Recession or stress?

Issue 2/3 2023 Information Security, News & Events


Anna Collard.

In 2023 there have been so many lay-offs in the technology industry that TechCrunch labelled it a ‘reckoning’ in its extensive list released late April. To date, across numerous organisations that include Microsoft, Google, Amazon, Dropbox and Zoom, to name but a few, there have been nearly 169 000 lay-offs. Meta is expected to lay off 10 000 people in the next few months and Disney 7000 people.

And yet, in cybersecurity there are still more ‘jobs open than people to fill them’. According to Anna Collard, SVP Content Strategy & Evangelist at KnowBe4 Africa, the biggest challenge facing the cybersecurity profession right now is not the sudden loss of a job, but the long-term impact of skills shortages and stress.

“The cybersecurity skills shortage has meant that fewer roles in this profession have been affected by the lay-offs,” she says. “However, there is ongoing job security anxiety for people in the technology industry, regardless of their roles. Cybersecurity professionals are juggling high-demand jobs that are intensely stressful, and they rarely switch off. Security is a 24/7 job where nobody notices the hard work done until something goes wrong.”

A fact echoed by a recent report on the state of SecOps and automation, which found that 93% of security professionals said their alerts had doubled over the past five years. 56% handle around 1000 alerts a day; 83% have alert fatigue. Cybersecurity personnel are batting down the defences and battling it out on a daily basis but, as Collard points out, the moment they slip up, it becomes a blame game, which can make this an intensely toxic environment.

This is reflected in the Tines State of Mental Health in Cybersecurity 2022 report, which reiterated this reality. Around 27% of professionals believed their mental health had declined over the past year, 66% experience stress at work, 64% say their work affects their mental health and 58% are on medication to manage their mental well-being. Only half are in good physical health, with a mere 42% getting a much-needed eight hours of sleep a night.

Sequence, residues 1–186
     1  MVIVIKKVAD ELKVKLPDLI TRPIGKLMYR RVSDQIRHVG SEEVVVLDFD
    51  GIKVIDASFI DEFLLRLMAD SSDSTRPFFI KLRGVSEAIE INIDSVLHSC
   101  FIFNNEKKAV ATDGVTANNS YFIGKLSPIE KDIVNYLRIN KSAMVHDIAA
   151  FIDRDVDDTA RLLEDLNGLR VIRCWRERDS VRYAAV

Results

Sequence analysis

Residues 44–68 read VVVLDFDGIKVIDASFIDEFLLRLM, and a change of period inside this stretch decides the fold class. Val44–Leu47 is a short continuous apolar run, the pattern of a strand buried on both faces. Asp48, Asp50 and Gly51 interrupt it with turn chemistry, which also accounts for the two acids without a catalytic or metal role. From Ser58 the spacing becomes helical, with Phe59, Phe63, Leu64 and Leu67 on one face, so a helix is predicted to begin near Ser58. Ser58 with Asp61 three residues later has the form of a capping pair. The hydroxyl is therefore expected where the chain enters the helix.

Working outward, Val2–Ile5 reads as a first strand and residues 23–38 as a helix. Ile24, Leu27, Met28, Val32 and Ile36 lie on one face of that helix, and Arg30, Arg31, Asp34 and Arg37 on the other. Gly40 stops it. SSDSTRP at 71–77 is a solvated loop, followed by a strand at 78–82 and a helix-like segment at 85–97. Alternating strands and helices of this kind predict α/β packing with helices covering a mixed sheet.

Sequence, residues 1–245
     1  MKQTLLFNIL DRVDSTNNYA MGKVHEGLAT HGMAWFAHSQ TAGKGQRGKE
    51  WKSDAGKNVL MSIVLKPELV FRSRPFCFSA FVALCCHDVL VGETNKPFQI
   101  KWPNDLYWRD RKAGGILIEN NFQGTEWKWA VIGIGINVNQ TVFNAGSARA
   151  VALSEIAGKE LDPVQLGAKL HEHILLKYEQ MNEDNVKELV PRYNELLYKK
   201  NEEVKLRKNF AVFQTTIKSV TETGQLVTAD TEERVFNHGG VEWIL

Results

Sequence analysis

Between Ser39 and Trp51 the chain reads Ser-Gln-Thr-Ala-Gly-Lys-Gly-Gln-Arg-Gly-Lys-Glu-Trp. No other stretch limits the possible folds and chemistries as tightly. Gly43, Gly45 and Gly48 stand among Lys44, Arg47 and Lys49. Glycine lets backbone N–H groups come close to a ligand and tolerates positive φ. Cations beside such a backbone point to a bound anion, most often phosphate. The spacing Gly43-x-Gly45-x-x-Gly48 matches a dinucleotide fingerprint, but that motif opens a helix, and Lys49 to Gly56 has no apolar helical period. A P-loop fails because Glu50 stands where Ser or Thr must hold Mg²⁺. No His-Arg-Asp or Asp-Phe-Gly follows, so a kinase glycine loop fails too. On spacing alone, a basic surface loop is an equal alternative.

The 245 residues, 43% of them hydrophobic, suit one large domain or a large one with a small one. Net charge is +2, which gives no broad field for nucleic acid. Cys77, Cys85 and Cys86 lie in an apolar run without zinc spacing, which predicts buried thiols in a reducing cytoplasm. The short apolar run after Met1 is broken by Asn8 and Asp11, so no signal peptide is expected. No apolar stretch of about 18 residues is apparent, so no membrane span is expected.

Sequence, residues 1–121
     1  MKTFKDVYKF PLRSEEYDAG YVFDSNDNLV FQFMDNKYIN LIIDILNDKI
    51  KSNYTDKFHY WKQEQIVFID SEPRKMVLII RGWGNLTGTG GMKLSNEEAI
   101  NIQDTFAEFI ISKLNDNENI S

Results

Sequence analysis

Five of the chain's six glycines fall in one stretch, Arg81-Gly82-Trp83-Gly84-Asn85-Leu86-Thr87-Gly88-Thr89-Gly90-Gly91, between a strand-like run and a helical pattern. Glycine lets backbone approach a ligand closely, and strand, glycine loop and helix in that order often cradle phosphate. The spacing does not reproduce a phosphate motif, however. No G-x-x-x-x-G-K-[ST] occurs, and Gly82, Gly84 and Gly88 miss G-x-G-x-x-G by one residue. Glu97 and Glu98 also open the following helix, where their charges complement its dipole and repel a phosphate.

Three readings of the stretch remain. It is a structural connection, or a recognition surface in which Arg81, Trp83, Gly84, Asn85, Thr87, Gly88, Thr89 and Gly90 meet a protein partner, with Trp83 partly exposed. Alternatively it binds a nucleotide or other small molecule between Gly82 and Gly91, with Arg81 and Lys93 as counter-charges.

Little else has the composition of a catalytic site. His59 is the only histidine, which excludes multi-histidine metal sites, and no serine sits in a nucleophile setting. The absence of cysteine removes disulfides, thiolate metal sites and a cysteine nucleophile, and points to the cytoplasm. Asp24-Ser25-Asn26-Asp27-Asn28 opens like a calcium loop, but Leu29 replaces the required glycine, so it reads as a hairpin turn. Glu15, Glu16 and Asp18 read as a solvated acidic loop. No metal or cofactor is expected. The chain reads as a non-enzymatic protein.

“This shifts the conversation from plugging the gaps to making cybersecurity significantly healthier for those entering into the profession,” says Collard. “The holes left by limited access to skilled people are not going to be filled if security remains a space where stress goes to thrive. Amidst the recession and the economic crisis, cybersecurity roles remain empty, which says that the problem may not exclusively be lack of skills development.”

Cybersecurity is a fascinating industry and for those who love a challenge and thrive on problem solving, it is a space where they can shine. But not if that is at the expense of their health. There are plenty of stories, told around the cybersecurity campfire, of a CISO having a heart attack in the middle of a security incident, or shortly after. The Tines survey found that nearly 30% of cybersecurity professionals believed their mental health was getting worse.

“Cybersecurity is fun,” says Collard. “It is interesting and dynamic. But these benefits are often overshadowed by that sense of dread that something is about to go horribly wrong. Incidents are unexpected, stressful and often leave teams exhausted, and there is no time to rest before the next incident hits. Cybercriminals are very well rewarded for their diligence when it comes to exploiting every vulnerability they can find. Cybersecurity teams have to chase these vulnerabilities and threats to ensure nothing is left to chance.”

To minimise the risk of losing talented security people, companies need to look beyond the gaps and skills and into providing truly holistic support to their security professionals. This goes beyond upskilling. Now, security teams need mental wellness support that kicks the toxic blame-game dynamic out of the door.

“If you want to attract more people into cybersecurity, you need to put controls in place that minimise the stress and emphasise the value of your people,” concludes Collard.




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